Optimal nesting habitats include semi-permanent wetlands, ponds, and seasonal wetlands surrounded by grassland (Brewer et al. 1991). Nests usually on the ground among tall grasses or sedges, usually near water; seems to prefer to nest in native grass communities in good range condition (Gammonley and Fredrickson 1995). Stock ponds with well-developed emergent vegetation provide locally important brood habitat (Gammonley and Fredrickson 1995). In B.C., breeds from sea level to 1,200 m, and nests are found as far as 50 m from small water bodies (most within 23 m of water) including fresh and brackish water marshes, bogs, swamps, and sloughs (Campbell et al. 1990).
Brewer, R., G. A. McPeek, and R. J. Adams, Jr. 1991. The Atlas of Breeding Birds of Michigan. Michigan State University Press, East Lansing, Michigan. Xvii + 594 pp.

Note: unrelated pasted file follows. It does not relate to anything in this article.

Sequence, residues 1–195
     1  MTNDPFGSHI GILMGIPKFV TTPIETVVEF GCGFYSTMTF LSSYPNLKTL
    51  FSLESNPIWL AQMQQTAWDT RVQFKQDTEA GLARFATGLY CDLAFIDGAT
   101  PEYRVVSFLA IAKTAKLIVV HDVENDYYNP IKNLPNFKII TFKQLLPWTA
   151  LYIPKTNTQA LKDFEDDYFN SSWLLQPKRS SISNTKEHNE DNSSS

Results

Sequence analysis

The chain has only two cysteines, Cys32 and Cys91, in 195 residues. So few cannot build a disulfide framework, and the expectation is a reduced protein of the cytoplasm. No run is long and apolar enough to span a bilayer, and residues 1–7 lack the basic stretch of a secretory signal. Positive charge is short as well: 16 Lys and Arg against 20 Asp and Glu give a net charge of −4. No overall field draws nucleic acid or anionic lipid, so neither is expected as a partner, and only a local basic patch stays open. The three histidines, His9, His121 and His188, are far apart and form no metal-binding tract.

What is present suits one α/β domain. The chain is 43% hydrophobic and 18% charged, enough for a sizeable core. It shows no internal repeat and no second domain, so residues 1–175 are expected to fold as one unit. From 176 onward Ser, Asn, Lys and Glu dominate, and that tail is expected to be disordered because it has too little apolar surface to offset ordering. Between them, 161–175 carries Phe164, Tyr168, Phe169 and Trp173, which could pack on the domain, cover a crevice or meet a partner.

Campbell, R. W., N. K. Dawe, I. McTaggart-Cowan, J. M. Cooper, G. W. Kaiser, and M. C. E. McNall. 1990. The Birds of British Columbia. Vol. 1 and 2, Nonpasserines. UBC Press, Vancouver, B.C.
Gammonley, J. H., and L. H. Fredrickson. 1995. Life history and management of the blue-winged teal. USDI National Biological Service, Waterfowl Management Handbook 13.1.8. 7 pp.